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Let Nadia Murad speak

Why are so many determined to censor survivors of ISIS?

Nadia Murad speaks at a news conference in Paris. Associated Press/Photo by Francois Mori

Let Nadia Murad speak

The Iraqi Nadia Murad, 28, is a survivor of sexual violence. She seeks to inform the world of sexual violence and those who perpetuate it. But the Toronto District School Board effectively canceled her.

Murad is self-identified as Yazidi—a minority religion that incorporates elements from mysticism, Zoroastrianism, Christianity, and Islam.

She is co-recipient of the 2018 Nobel Peace Prize, and also a UN Goodwill Ambassador. She was named the 2016 Woman of the Year by Glamour Magazine.

Nine years ago, while a teenager, she was kidnapped by fighters of ISIS (the Islamic State in Iraq and Syria), after the terrorists massacred more than 600 men of her village. She was then sold among the fighters as a sex slave, along with many other Yazidi girls.

According to the worldview of the ISIS members, enslaving Murad was morally justified, especially because she was not Muslim. It was war and female war captives are considered sex slaves—a dogma largely supported by traditional interpretations of the Quran, and many statements from Muhammad’s teachings and the historical record.

In fact, ISIS’ members may claim to be following Muhammad’s footsteps, as trusted Muslim sources reveal that he “had a female slave with whom he had intercourse, but [his wives] ‘Aishah and Hafsah would not leave him alone until he said that she was forbidden for him.”

Under the cover of ISIS, Murad—and many other Yazidi girls—were beaten and raped. But Murad was able to escape after three months. She found protection in a Western refugee camp and later moved to Germany under refugee status.

From Germany, she began an important mission seeking to support survivors of genocide and sexual abuse, drawing upon her experience under the ISIS’ terrorists. Her book The Last Girl: My Story of Captivity, and My Fight against the Islamic State became a New York Times bestseller.

She was recently scheduled to speak about her book with students from the Toronto District School Board, which has nearly 600 schools (with more than 250,000 students). However, Helen Fisher, the school board superintendent, canceled the event. She claimed it would “foster Islamophobia.”

Fisher’s unfortunate decision to cancel Murad is another disastrous failure of our Western education system in supporting free-speech and defending genuine victims of sexual abuse.

But we cannot combat the ideology of ISIS and its like without constantly exposing it for what it is and allowing a free space for critical thinking.

Toxic ideologies can only grow in a soil of ignorance. By censoring Murad, this decision gives cover and protects an ideology from criticism and critical assessment. Murad was sadly silenced for long by terrorists, and now, after she escaped, some want to silence her again.

Canceling Murad creates a dangerous space for more uninformed people to live in ignorance and an opportunity for ISIS to recruit those who would embrace such ideologies.

It cannot be denied that ISIS is still appealing to some—and that’s dangerous. They may have been defeated somewhat militarily, but their ideas, assertions, and teachings are still vivid and flourishing. They keep recruiting more “soldiers,” as they rely on the Quran, Muhammad’s sayings, and historical precedents to appeal to Muslims, especially impressionable young men.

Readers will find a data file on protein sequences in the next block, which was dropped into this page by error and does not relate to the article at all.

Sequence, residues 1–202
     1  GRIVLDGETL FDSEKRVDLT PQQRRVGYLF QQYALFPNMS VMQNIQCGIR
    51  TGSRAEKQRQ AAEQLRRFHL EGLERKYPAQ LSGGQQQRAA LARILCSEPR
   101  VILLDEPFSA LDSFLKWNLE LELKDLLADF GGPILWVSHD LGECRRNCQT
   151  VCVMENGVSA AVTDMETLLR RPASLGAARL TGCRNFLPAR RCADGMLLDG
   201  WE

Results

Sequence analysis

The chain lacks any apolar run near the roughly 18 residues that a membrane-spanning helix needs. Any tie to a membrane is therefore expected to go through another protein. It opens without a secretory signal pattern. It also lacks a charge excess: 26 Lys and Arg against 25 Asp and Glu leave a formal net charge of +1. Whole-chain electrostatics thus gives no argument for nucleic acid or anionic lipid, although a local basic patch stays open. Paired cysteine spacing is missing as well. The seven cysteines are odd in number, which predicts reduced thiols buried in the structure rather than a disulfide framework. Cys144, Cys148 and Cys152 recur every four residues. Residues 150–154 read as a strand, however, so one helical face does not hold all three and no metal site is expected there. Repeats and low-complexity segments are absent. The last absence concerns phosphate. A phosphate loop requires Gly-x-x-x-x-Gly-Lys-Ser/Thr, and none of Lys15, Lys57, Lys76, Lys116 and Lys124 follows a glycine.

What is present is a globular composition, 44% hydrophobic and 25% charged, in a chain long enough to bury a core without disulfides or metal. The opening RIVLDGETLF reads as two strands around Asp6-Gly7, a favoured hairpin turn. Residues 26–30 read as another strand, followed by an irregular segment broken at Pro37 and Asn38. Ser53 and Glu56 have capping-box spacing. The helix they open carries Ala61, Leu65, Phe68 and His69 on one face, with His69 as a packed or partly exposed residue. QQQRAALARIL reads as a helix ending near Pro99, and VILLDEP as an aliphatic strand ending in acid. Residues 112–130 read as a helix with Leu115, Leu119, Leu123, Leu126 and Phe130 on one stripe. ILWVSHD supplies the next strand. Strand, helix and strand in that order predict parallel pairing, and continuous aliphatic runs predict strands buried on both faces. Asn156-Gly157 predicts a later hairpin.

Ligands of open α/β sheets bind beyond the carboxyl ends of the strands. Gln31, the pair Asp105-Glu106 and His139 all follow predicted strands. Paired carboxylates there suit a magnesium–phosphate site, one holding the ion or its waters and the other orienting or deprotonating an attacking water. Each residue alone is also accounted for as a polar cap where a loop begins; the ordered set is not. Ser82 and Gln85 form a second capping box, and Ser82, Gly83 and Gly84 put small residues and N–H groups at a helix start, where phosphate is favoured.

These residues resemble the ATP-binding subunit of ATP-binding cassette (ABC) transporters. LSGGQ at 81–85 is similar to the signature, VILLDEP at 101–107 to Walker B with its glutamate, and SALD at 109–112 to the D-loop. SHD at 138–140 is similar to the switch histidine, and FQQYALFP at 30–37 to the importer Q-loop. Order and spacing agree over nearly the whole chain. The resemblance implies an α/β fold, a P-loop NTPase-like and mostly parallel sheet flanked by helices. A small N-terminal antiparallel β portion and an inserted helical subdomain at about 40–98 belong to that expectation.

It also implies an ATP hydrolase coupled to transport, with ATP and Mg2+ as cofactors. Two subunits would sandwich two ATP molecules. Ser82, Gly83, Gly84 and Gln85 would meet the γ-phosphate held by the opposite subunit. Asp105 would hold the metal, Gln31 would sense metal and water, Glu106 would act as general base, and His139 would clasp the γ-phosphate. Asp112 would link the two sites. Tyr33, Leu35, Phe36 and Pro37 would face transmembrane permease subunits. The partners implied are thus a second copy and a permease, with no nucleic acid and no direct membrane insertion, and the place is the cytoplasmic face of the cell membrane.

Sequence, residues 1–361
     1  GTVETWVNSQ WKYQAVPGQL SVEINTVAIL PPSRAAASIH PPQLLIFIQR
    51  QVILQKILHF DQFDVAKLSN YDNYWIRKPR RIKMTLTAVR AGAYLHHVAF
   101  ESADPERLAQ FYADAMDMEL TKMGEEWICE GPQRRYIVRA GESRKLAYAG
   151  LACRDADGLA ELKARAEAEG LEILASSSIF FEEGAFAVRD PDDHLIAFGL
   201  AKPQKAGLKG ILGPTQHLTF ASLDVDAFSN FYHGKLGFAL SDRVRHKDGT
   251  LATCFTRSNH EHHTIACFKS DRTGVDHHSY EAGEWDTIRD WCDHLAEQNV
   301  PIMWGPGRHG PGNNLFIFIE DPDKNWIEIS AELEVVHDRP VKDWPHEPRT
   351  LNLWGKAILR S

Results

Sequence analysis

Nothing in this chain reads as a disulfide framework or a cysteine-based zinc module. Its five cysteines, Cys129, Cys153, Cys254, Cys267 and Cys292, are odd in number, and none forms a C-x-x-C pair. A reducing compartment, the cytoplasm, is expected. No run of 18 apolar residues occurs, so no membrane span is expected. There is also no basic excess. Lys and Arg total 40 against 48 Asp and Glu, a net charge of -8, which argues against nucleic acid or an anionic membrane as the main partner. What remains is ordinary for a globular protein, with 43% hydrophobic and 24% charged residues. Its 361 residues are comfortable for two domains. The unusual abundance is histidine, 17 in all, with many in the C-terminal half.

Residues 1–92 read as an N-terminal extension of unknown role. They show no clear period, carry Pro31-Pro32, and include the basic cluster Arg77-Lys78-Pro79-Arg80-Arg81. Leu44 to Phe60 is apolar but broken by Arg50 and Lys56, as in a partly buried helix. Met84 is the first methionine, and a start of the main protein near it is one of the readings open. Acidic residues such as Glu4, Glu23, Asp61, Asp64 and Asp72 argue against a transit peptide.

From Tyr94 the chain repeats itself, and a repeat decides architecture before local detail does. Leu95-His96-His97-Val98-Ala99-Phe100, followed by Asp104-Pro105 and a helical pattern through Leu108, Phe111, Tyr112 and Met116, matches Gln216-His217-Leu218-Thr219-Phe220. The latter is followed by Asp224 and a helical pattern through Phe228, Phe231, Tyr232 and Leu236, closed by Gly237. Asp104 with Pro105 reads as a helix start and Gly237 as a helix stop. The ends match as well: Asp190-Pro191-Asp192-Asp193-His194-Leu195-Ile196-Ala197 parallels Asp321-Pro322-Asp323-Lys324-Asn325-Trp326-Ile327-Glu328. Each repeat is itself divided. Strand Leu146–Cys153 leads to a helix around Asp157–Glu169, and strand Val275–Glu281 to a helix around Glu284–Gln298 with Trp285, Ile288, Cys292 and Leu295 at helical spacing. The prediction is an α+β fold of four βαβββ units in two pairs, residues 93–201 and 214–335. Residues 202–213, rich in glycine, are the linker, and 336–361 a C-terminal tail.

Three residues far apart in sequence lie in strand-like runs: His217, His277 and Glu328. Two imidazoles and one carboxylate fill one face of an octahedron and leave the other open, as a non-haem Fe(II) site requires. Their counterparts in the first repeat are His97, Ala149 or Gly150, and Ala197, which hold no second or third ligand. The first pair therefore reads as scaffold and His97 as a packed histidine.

Nadia Murad’s story exposes ISIS, its claims, and interpretations. But the superintendent is concerned about offending people. She uses a buzzword to support canceling the important event.

The word is “Islamophobia.”

By definition, islamophobia is presumably a phobia—an irrational and unrealistic fear of Islam as an ideology.

But note the fact that the term flourishes mostly in the West, and it really serves to shut down any criticism of Islam. For school officials, it seems, are afraid of Muslims, and maybe even more afraid of Western secularists.

I question Fisher’s use of the word, as no one is calling for hating Muslims. We should all support Muslims and love them, as people created in God’s own image.

Nadia Murad and many others like her are not irrationally afraid of an ideology. They are rightly concerned with the flourishing of radical religious claims and the advancement of atrocities supported by Islamic texts. In fact, this concern is shared by many Muslim scholars, who denounced the actions of ISIS’ fighters and followers.

School officials in Toronto should reverse course and allow Murad to speak. The decision to cancel her must be troubling for anyone whose job it is to think critically and speak freely. If talking about the ideology and actions of ISIS offends some people, it would be advisable to take a closer look at ISIS and its ideology. The truth is there for all to see.

Nadia Murad is seeking to inform the world of her true story—a 2014 Yazidi genocide, her abduction and sex enslavement by ISIS, and her freedom in the West, where she lives and flourishes.

Let her tell the truth—let her speak.

A.S. Ibrahim

A.S. Ibrahim, born and raised in Egypt, holds two PhDs with an emphasis on Islam and its history. He is a professor of Islamic studies and director of the Jenkins Center for the Christian Understanding of Islam at The Southern Baptist Theological Seminary. He has taught at several schools in the United States and the Middle East, and authored A Concise Guide to the Life of Muhammad (Baker Academic, 2022), Conversion to Islam (Oxford University Press, 2021), Basics of Arabic (Zondervan 2021), A Concise Guide to the Quran (Baker Academic, 2020), and The Stated Motivations for the Early Islamic Expansion (Peter Lang, 2018), among others.

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